Daniel: For more than a century, the Latin American region has intermittently faced common challenges such as political instability, currency controls, hyperinflation, and personal security risks. As service providers, we need to be mindful of this context and what it means for our clients. One attorney we work with recently put into perspective the importance of privacy to his Latin American client family, as the family’s son was kidnapped; families of wealth in this region face real and ongoing risks to their personal safety.
Betty: Each country needs to be evaluated distinctly, especially in the context of fiduciary services. There are very different tax drivers across the region; as we all know, four Latin American countries have a wealth tax and nine have a transfer tax — and wealth tax is under analysis in two more countries. The local legislation in these countries is increasingly focused on generating additional government revenue and preventing tax base erosion through these policies.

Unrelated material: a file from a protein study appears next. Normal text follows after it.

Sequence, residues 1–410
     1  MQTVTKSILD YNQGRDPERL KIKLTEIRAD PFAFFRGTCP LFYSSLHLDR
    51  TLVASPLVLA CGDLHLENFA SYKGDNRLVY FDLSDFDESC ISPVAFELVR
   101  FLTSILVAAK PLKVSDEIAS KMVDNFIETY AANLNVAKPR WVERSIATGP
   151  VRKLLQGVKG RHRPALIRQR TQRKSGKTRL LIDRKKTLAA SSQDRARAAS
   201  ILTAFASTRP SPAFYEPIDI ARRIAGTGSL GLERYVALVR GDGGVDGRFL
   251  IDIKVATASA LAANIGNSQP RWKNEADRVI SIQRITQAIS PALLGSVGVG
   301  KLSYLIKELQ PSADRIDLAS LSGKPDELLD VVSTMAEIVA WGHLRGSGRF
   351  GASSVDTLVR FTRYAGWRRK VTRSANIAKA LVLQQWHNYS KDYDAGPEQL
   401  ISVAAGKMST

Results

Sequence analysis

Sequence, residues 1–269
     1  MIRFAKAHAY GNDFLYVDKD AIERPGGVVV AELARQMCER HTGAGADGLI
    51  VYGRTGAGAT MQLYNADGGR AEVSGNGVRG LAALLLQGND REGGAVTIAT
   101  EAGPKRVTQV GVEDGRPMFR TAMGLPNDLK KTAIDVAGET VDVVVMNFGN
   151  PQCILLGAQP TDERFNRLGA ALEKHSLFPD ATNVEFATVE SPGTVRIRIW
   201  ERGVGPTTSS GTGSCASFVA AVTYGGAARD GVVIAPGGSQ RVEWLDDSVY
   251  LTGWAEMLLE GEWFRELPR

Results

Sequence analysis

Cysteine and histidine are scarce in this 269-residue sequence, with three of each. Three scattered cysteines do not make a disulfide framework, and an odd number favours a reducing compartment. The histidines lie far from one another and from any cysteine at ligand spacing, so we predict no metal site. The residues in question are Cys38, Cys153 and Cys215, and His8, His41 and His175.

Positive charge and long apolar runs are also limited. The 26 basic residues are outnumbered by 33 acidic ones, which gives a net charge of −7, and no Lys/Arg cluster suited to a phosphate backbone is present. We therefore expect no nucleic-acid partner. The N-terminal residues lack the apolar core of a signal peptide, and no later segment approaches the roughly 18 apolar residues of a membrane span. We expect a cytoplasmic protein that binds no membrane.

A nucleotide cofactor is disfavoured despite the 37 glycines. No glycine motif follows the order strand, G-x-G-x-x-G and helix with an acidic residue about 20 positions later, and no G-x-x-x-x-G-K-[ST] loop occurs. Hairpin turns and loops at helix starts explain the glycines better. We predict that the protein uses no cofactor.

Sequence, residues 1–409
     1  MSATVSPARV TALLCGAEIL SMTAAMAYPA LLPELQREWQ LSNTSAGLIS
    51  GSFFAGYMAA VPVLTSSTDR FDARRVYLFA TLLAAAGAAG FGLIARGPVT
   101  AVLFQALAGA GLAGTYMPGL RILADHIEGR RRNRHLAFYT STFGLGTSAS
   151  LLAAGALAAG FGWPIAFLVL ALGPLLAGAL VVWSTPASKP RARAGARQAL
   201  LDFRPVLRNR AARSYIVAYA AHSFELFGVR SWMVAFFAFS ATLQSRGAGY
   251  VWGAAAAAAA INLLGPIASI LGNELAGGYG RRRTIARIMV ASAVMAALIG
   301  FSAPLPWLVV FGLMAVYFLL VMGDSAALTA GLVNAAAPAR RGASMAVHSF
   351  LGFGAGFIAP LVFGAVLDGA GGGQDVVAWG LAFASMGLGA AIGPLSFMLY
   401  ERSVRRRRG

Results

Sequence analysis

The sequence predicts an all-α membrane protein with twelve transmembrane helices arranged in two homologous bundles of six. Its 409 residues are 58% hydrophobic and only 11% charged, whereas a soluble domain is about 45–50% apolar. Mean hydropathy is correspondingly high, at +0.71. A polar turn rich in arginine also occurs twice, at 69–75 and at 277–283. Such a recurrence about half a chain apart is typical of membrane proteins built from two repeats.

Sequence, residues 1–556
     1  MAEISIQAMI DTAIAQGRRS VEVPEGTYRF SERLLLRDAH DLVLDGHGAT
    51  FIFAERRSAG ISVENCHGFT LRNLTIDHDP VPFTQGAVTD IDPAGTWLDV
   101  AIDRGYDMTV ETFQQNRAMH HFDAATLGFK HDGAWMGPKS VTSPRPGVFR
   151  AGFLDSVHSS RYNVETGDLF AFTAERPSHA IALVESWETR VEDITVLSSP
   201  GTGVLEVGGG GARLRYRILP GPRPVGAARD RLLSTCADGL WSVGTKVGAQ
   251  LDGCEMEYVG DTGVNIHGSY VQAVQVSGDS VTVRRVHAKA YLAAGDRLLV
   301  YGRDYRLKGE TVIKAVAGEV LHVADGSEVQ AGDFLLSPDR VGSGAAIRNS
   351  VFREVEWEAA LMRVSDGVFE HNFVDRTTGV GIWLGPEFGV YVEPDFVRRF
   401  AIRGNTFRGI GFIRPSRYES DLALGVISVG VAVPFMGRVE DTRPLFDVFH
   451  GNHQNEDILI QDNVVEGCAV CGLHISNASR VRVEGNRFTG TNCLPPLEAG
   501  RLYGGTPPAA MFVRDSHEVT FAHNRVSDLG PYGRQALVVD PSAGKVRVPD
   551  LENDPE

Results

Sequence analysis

Daniel: Beyond taxes, testamentary freedom (outside of the default forced heirship rules) is another key driver of demand for cross-border advisory and structures. Forced heirship is present in all Latin American countries except for those in Central America. Thus, many Latin American families seek to employ trusts in common law jurisdictions like the US for succession and asset transfer planning consistent with their family’s goals rather than forced heirship.
Betty: First and foremost, families are seeking stability and security. Although the drivers of uncertainty differ across the region, with some countries tending to have a safer and more secure domestic landscape than others, there is still a general demand for assets and businesses to be managed in jurisdictions that can offer stability, security, and a strong rule of law. This is even more of a factor with the present inflationary environment, spurred by the war in Ukraine and the lingering impact of COVID-19, which is increasing social unrest and instability. As per the IMF, price pressures are expected to remain for some time, especially in Chile, Brazil, Colombia, Peru, and Mexico. That’s a lot of motivation for families in the region to implement cross-border planning.